In the past three months alone, real estate has undergone a decade-worth of innovation. This acceleration holds potential if businesses have the foresight to invest in technology that supports an efficient, secure, and cross-collaborative real estate transaction.
At the RESPRO’s annual conference held (virtually) this week, Qualia’s Head of Partnerships & Integrations, Max Lamb, joined Jeff Medley, Head of Operations at LemonBrew Abstract to discuss this topic. The pair explained how cloud technology provides the necessary infrastructure to support a streamlined and secure transaction for all parties involved.
The current challenges of real estate closings
Real estate transactions have long been a complicated process involving a number of stakeholders and (often) siloed technology platforms. Lamb pointed out that the current COVID-19 environment causes additional challenges including:
- Many real estate professionals are working from home for all or part of the week. A recent survey by Qualia found that between March/April and May, the number of remote title & escrow employees rose slightly. This may be an indicator that businesses are considering work from home options for employees as a more permanent benefit. Technology that enables secure remote operations is crucial.
- Clients and consumers need contactless closing options. During COVID-19, title & escrow businesses have discovered creative closing options to limit person-to-person contact. These included curbside closings, new safety protocols limiting the number of people at the closing table, and the use of remote online notarization (RON) in states where it’s permissible to use.
- Fluctuating volume due to low interest rates and uncertain market conditions. During COVID-19, title & escrow companies face weekly fluctuations in volume. Low interest rates have sparked refinances, while purchase volume has been unpredictable as inventory is listed and delisted in response to news about the pandemic.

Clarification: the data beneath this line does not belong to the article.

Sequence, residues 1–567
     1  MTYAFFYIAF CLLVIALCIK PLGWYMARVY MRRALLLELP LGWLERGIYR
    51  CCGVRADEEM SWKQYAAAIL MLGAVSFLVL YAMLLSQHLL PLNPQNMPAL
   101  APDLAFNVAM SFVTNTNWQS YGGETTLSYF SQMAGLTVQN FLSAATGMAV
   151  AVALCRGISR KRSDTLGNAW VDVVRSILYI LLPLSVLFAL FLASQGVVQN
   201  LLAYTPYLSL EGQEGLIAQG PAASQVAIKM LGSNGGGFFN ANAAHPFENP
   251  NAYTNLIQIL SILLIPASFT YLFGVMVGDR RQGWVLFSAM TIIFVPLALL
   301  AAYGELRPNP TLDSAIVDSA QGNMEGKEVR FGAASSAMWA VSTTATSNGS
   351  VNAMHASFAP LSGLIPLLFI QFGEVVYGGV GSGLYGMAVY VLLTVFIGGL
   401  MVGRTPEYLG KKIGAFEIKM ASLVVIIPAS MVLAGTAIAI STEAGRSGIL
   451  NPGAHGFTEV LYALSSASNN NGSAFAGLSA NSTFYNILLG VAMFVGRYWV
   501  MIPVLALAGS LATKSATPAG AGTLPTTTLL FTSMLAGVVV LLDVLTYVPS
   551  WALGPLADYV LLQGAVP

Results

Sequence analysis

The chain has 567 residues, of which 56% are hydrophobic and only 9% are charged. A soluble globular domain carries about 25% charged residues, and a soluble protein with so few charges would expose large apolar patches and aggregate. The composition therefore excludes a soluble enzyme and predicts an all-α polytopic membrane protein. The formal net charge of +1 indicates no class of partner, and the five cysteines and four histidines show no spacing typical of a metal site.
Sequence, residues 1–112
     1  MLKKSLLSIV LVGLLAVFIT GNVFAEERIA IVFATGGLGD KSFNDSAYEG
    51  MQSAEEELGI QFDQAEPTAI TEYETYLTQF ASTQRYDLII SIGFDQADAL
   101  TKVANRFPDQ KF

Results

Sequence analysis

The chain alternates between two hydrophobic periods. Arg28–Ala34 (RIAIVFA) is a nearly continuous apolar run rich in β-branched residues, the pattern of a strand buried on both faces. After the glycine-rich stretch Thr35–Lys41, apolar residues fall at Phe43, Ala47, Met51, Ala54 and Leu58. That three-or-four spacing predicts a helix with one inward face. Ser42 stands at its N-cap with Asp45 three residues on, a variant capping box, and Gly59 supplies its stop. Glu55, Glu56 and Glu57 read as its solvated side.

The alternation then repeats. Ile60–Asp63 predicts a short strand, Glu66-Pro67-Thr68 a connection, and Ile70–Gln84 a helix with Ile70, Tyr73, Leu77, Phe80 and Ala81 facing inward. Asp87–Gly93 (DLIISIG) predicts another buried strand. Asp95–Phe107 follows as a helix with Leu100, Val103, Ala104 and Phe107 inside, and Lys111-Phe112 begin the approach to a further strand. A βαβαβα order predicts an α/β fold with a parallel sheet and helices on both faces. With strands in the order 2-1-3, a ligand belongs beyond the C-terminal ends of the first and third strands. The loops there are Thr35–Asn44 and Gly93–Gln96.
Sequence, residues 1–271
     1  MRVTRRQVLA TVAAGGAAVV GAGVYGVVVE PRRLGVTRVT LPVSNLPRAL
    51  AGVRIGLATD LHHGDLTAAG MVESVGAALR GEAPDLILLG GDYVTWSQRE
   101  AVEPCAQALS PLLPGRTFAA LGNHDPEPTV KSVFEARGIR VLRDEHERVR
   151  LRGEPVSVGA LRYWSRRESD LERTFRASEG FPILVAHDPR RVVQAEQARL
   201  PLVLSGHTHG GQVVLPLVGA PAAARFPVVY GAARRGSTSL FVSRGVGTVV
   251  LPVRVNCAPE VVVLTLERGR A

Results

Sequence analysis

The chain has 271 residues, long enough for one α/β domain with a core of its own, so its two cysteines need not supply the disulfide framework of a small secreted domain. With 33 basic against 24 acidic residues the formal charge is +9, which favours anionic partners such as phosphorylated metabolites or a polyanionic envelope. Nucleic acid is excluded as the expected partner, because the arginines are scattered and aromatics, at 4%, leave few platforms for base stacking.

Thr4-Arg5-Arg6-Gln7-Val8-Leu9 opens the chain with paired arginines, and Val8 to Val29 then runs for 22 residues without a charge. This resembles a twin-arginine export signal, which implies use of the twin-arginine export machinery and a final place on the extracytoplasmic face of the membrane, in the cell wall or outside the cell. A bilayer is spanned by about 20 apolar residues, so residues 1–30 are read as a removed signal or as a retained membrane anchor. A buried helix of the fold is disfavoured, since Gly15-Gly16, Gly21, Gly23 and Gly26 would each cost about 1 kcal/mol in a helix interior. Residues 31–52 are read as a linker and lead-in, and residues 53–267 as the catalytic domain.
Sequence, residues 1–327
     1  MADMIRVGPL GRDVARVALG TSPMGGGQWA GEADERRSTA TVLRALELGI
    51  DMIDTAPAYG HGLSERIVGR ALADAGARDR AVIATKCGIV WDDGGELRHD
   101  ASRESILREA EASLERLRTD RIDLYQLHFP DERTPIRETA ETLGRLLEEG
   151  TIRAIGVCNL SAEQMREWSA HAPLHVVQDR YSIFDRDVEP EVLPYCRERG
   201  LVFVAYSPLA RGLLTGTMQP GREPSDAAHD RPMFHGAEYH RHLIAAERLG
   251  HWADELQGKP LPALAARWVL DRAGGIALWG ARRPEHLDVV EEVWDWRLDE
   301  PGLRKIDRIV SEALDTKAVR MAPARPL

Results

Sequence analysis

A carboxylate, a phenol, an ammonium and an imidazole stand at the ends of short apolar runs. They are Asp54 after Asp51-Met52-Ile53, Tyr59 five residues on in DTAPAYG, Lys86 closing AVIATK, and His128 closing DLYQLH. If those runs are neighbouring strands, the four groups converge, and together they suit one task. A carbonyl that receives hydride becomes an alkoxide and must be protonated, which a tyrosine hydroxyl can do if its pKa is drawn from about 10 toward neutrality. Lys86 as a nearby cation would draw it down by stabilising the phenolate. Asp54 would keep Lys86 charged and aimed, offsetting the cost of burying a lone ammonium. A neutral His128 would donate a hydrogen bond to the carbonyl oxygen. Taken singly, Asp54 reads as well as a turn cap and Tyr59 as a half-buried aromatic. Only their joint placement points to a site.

Medley agreed that working remotely created new challenges for his team at LemonBrew. The work-from-home scenario also acted as a forcing function to improve communication processes and their use of technology tools. “Now that we’re transitioning back [to the office], we’re still challenging our process to think about how technology can help us meet our goals,” he said.
Addressing transaction challenges: rapid innovation during COVID
“There has been a tremendous amount of innovation in the past decade and even in the past few months alone to enable [a more connected real estate ecosystem with the cloud],” Lamb said.
In the past decade, cloud-based software has evolved to enable better integrations to connect underwriters, lenders, property data providers and other vendors. The industry is also seeing more communication portals arising for loan officers, real estate agents, buyers, sellers, and title or escrow agents to stay updated on transaction progress.